Saturdays in my childhood were spent waking up to the sound of the dustbin lid being opened and closed repeatedly. Cupboards would be shut rhythmically as bowls and thalis (plates) were taken out to eat lukewarm puri-palya, vadas, sambhar and chutney, and waxed paper would float delicately to the bottom of the bucket. I have always associated South Indian breakfasts with weekends, the family seated around a dining table covered with the remnants of last night’s dinner, wearing pyjamas. My early school mornings were filled with buttered toast and jam that never lined my stomach in the comfortable way a puri did.
As a child, darshinis were always places that seemed to hide stories within their walls. I imagined that whole families of flies lived behind the neon boards advertising gobi manchurian next to kesri bath, and I believed that the strong men who armed themselves with plates of food secretly lived double lives as spies for a large breakfast making conglomerate.
There seemed to be so much romance hidden in masala dosas, filled with mystery that became less mysterious when packages were lazily unwrapped on late weekend mornings. But as I grew older, breakfast turned into a meal that was quickly shovelled down my throat as I ran after buses, dried sambhar caked under my nails.
It is now several years later, and I am in college. The Bollywood filminess of breakfast had long since disappeared, until I started to take notice of Udupi Upahar.
Udupi Upahar is a five-minute walk from college. I have never been to Udupi, and the smell of salt doesn’t punctuate the Richmond circle signal air the way I assume it does in Western Karnataka.
Located at the beginning of the Double Road intersection, Udupi Upahar is the kind of place one smells before they notice it staring right at them. The air always smells like filter coffee and “hotel sambhar”, strong enough to overpower the scent of cigarette smoke that lurks right outside it. It is like any other darshini that serves classic south Indian breakfast, as well as a variety of north Indian food, chaat, and milkshakes, ice cream, coffee and tea.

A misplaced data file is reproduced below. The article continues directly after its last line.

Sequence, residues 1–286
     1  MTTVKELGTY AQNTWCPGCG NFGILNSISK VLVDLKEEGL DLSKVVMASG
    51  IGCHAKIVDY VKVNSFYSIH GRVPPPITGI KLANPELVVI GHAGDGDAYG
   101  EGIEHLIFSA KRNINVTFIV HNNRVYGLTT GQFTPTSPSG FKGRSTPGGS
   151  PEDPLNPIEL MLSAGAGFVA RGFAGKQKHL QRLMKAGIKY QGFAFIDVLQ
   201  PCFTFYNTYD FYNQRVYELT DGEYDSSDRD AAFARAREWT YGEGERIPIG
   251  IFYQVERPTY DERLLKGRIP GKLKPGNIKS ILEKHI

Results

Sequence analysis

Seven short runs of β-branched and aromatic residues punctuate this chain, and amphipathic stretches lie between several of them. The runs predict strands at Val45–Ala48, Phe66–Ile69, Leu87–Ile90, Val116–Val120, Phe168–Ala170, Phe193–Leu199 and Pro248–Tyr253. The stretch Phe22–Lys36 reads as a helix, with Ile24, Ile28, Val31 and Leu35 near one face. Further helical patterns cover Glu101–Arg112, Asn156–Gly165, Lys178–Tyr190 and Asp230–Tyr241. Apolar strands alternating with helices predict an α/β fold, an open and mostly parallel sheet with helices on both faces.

For some reason, two whole semesters go by, and my friends and I were never tempted by the various scents that wafted out of the open kitchen. When we finally decided to see whether the food tasted as good as it smelled, we ordered that day’s special: pineapple dosa and 3 glasses of coffee. The cashier looked at us with an expression of mild horror when we asked for the pineapple dosa, but silently handed us our change. His face said good luck; the dosa tasted like just Mum’s, (sans pineapple), the sambhar wasn’t as sweet as I’d have liked, the coffee was perfect.
As the days went by, stopping for coffee and the occasional vada became a habit. My girlfriends and I have come to know each other very well over tiny glasses of coffee. Conversation is a small price to pay for the large pimples that dot our foreheads like phases of the moon. D and I are very lucky – we somehow always manage to get an empty table. We speak in exaggerated English, one always asking the other to “proceed rapidly” to the nearest vacant spot while we hurriedly dig change out of our bags. The cashier has come to recognize us by face, and automatically hands us a slip for two coffees, every day. My friends and I spend our last few precious rupees on simple pleasures, and Saturday mornings now smell like the inside of a dingy classroom.
As a young adult, I no longer associate the flavours of South Indian breakfasts with the start of weekends. Dosas have forced me to come to terms with an expanding waistline (courtesy of all the stress eating and late-night deadlines), and coffee reminds me of the transition into adulthood.
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